ASML predicts a 25% increase in revenue in 2023 as the chip industry recovers

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The Dutch company ASML manufactures one of the most important machines needed to manufacture the world’s most advanced chips. US chipmakers have challenged companies, including ASML, to try to figure out what the rules actually mean.

Emmanuel Doonan | AFP | Getty Images

Dutch chip equipment manufacturer ASML Anticipate a jump in revenue in 2023 as the semiconductor industry anticipates further acceleration in growth in the second half of this year.

ASML is one of the world’s largest companies in the chip supply chain. It manufactures the machines needed to manufacture the world’s most advanced chips.

ASML’s net sales rose more than 29% to 6.4 billion euros ($7 billion) in the fourth quarter of 2022, it said on Wednesday. Full-year sales totaled 21.1 billion euros, up more than 13% year-on-year. However, net income for the full year actually fell by 4% to 5.6 billion euros.

ASML expects net sales for 2023 to increase by more than 25% compared to 2022.

“Looking at the state of the industry today, we’re worried about a recession, high inflation or high interest rates, that’s for sure. Then we’ll see the impact on our customers’ businesses,” ASML CEO Peter Wennink told CNBC.

companies such as buy ASML machines Intel and TSMC, which actually make the chips that go into end products like laptops or smartphones. Wennink said there has been an increase in chip inventory related to consumer products because demand for these electronic devices is “not very good.”

But he said ASML’s customers thought it would be “short-term” and were therefore not canceling orders.

“Most of our customers are telling us they expect recovery in the second half of this year,” Wennink said.

“If you take into account that the average delivery time of our tools is … say one and a half to two years, and you consider the relatively short expectations of a possible downturn, then of course customers will not cancel any orders. If this happens again, they may end up at the end of the queue.”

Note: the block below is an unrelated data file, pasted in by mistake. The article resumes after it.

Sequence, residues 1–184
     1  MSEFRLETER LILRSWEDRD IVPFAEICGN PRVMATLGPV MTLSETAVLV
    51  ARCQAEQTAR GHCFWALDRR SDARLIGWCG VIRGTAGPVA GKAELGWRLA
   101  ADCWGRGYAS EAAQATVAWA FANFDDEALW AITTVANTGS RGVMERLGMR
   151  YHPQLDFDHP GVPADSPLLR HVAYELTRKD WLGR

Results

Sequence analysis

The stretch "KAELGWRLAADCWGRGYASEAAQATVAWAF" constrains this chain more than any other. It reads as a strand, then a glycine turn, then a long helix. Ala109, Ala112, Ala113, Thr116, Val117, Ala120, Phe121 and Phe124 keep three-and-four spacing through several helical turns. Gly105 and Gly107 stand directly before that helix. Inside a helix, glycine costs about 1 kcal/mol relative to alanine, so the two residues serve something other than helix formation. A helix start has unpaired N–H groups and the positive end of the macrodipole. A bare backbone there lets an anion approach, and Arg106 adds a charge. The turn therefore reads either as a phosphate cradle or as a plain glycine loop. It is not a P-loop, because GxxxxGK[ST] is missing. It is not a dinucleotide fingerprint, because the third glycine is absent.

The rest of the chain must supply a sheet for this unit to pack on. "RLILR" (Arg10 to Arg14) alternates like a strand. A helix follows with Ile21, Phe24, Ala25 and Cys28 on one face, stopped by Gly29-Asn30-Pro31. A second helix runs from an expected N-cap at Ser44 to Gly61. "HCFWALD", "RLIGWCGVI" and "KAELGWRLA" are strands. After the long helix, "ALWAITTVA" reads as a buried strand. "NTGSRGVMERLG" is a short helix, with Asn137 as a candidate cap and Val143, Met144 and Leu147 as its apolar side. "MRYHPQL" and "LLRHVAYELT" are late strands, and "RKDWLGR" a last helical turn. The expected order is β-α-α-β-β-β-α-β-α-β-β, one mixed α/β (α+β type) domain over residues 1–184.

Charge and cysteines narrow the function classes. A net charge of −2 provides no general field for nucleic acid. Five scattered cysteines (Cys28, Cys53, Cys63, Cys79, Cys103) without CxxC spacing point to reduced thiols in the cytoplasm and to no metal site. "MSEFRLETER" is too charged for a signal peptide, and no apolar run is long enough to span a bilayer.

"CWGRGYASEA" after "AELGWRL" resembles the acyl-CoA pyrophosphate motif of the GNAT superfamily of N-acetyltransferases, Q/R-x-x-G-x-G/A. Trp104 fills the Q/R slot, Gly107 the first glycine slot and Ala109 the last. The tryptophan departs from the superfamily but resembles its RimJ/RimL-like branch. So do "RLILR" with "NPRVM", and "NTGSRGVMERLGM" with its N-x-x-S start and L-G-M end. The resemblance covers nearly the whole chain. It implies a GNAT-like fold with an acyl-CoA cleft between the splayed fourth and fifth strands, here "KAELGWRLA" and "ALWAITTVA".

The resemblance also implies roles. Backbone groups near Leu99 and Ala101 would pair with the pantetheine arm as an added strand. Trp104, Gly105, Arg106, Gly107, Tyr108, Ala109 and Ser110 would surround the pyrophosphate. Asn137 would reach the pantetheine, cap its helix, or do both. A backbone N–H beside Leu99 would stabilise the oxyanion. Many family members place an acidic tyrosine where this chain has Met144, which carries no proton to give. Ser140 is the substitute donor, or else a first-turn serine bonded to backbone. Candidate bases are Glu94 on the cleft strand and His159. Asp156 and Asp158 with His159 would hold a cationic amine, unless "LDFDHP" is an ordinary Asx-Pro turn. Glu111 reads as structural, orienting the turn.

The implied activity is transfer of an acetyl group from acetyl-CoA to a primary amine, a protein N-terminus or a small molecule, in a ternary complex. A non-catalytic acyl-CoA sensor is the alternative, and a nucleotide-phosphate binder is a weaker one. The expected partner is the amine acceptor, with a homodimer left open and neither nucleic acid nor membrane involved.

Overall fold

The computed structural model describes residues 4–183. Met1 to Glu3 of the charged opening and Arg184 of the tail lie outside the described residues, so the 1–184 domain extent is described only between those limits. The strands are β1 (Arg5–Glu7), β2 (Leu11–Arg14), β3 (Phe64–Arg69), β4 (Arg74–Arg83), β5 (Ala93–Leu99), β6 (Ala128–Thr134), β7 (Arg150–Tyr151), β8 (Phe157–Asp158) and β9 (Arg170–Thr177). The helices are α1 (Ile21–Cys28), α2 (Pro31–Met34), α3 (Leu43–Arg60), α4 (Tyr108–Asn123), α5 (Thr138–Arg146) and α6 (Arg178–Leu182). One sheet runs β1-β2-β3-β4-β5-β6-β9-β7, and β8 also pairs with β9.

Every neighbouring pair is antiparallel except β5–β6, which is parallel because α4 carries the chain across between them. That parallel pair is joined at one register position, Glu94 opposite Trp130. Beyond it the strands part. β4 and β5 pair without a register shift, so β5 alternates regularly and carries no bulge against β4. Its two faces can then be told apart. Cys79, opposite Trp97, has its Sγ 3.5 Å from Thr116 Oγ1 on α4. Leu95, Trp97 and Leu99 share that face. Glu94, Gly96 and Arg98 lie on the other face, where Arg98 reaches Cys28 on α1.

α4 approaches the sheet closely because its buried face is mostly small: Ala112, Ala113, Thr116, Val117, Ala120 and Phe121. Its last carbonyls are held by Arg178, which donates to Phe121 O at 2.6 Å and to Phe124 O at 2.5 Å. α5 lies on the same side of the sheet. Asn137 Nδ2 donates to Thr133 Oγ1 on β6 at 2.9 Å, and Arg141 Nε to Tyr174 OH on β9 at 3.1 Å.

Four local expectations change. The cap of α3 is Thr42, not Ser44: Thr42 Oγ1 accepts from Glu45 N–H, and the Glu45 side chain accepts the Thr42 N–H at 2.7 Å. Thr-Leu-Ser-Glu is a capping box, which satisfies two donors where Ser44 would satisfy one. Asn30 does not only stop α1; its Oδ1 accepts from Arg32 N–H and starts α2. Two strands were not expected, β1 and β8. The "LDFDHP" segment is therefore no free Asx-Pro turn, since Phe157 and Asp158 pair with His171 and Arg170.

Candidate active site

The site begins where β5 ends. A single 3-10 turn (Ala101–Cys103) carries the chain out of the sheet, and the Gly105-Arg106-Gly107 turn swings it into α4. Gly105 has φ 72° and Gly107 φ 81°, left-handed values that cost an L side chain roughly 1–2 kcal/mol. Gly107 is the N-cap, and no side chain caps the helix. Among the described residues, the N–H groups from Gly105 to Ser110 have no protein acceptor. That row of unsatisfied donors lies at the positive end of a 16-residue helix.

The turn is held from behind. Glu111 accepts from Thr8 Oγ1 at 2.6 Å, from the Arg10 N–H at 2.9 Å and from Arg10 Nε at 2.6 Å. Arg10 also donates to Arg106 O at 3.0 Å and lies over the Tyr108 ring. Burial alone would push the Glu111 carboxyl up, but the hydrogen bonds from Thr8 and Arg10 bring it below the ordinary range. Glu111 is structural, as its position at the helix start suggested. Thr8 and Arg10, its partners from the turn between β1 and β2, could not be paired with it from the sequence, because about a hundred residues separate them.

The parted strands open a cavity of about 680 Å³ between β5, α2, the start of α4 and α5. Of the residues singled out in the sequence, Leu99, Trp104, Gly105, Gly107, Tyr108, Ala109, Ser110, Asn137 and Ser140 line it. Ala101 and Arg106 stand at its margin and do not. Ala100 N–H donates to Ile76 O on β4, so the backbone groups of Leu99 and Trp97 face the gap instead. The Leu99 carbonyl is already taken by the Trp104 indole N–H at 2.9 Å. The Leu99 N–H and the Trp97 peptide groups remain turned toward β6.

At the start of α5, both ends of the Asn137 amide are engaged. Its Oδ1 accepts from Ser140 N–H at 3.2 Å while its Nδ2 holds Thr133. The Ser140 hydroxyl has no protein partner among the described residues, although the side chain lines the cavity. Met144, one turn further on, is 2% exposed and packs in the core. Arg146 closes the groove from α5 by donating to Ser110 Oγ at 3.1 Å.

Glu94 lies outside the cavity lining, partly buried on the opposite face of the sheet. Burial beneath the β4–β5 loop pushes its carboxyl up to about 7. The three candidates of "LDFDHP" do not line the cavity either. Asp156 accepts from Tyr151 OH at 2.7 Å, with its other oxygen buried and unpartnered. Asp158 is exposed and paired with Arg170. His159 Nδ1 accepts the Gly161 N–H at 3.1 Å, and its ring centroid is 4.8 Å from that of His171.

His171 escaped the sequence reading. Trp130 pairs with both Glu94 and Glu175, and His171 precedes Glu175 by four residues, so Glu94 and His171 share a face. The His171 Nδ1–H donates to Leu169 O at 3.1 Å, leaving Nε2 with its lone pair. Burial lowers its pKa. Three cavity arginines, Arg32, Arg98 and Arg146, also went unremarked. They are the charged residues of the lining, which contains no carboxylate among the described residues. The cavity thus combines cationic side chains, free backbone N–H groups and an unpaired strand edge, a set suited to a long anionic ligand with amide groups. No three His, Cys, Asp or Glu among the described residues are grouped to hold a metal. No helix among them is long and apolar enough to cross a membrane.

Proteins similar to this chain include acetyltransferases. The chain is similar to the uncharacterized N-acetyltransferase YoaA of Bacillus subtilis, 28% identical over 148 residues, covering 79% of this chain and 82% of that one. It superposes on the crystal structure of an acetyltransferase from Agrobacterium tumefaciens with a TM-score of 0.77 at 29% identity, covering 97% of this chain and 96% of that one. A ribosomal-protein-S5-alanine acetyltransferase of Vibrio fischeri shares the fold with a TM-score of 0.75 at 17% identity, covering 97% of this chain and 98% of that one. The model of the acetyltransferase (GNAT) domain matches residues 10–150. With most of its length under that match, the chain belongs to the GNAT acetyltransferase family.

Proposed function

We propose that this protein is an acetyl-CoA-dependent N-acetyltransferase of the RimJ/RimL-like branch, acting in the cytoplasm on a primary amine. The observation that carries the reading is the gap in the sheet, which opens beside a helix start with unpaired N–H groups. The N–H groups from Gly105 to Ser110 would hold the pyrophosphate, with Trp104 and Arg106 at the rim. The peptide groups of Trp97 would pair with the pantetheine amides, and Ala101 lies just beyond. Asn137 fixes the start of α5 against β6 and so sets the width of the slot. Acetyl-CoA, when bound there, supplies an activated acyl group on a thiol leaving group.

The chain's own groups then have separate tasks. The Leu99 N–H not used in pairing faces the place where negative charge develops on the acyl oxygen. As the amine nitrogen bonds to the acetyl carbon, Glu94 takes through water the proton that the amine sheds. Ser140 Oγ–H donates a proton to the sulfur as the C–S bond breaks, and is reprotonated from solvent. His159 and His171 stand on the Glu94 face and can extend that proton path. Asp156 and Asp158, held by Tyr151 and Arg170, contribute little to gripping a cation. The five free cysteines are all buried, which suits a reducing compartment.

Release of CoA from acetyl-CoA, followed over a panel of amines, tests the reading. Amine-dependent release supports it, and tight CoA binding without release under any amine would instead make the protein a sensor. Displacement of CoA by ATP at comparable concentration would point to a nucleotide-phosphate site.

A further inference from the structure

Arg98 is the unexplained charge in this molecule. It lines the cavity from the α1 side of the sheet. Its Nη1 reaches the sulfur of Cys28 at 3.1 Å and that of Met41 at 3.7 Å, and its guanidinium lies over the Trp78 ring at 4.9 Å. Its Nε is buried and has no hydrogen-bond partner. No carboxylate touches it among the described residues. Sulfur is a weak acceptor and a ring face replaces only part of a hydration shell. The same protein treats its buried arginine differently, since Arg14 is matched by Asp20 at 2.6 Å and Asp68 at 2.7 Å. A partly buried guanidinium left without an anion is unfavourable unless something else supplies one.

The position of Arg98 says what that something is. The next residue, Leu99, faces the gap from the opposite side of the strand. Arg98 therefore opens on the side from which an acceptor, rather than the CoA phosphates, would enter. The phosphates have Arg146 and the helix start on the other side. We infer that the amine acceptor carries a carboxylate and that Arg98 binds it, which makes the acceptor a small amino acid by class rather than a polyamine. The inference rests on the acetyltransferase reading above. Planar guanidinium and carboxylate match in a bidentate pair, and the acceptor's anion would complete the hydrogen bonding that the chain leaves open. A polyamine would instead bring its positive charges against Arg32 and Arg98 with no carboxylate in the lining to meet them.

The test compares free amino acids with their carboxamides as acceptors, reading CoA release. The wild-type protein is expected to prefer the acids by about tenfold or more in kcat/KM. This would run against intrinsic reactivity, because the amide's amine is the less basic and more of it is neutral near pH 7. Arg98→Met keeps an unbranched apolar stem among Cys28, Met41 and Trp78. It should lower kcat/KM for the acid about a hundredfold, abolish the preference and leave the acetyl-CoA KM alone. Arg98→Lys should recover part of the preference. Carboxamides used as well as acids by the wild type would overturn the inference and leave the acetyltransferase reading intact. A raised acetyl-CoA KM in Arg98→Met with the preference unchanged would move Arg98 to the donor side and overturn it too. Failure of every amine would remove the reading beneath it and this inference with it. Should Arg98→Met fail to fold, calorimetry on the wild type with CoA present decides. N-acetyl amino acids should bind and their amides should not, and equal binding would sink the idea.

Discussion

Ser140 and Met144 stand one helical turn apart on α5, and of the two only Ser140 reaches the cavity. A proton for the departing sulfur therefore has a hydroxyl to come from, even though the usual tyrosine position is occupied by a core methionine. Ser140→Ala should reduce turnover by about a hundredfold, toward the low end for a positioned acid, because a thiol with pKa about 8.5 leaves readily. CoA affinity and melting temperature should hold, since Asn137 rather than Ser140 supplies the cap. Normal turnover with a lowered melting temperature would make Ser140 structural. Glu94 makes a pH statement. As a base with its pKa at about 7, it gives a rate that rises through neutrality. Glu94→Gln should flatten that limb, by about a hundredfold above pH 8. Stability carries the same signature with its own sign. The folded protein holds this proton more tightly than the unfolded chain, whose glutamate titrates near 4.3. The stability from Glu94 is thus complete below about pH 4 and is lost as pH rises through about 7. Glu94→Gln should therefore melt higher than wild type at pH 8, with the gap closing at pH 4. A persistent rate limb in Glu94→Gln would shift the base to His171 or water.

Companies like TSMC and Intel have ramped up their capabilities globally, with the United States and Europe in particular looking to bring chip manufacturing closer to home. For example, TSMC plans to open two semiconductor plants in Arizona.

ASML is caught at a geopolitical crossroads

The United States has imposed extensive export restrictions aimed at isolating China from key chip and semiconductor manufacturing equipment. As a result, ASML ordered its US employees to stop serving Chinese customers.

This month, Dutch Prime Minister Mark Rutte traveled to Washington to meet with US President Joe Biden. At this point, it is unclear whether the United States is seeking a total ban on ASML shipments to China.

Rutte told CNBC last week on the sidelines of the World Economic Forum in Davos, Switzerland that he hoped the issue would be resolved “in a few months, maybe sooner.”

“I think we can get there peacefully, including with countries that don’t want to use high technology and defense systems,” Rutte told CNBC.

Currently, ASML can ship older tools called deep ultraviolet (DUV) lithography machines to China, but not its EUV systems. ASML CEO Wennink said China will account for around 15% of sales in 2022 and will reach a “similar” amount this year.

Ultimately, he said, it was up to governments to resolve the situation.

“It’s not just between the Dutch and the Americans, it involves other European countries, it involves Asian countries, so it’s a complicated situation,” Wennink said.

“It’s up to them [governments]. I just have to follow what comes out.”

CNBC’s Silvia Amaro contributed to this report.

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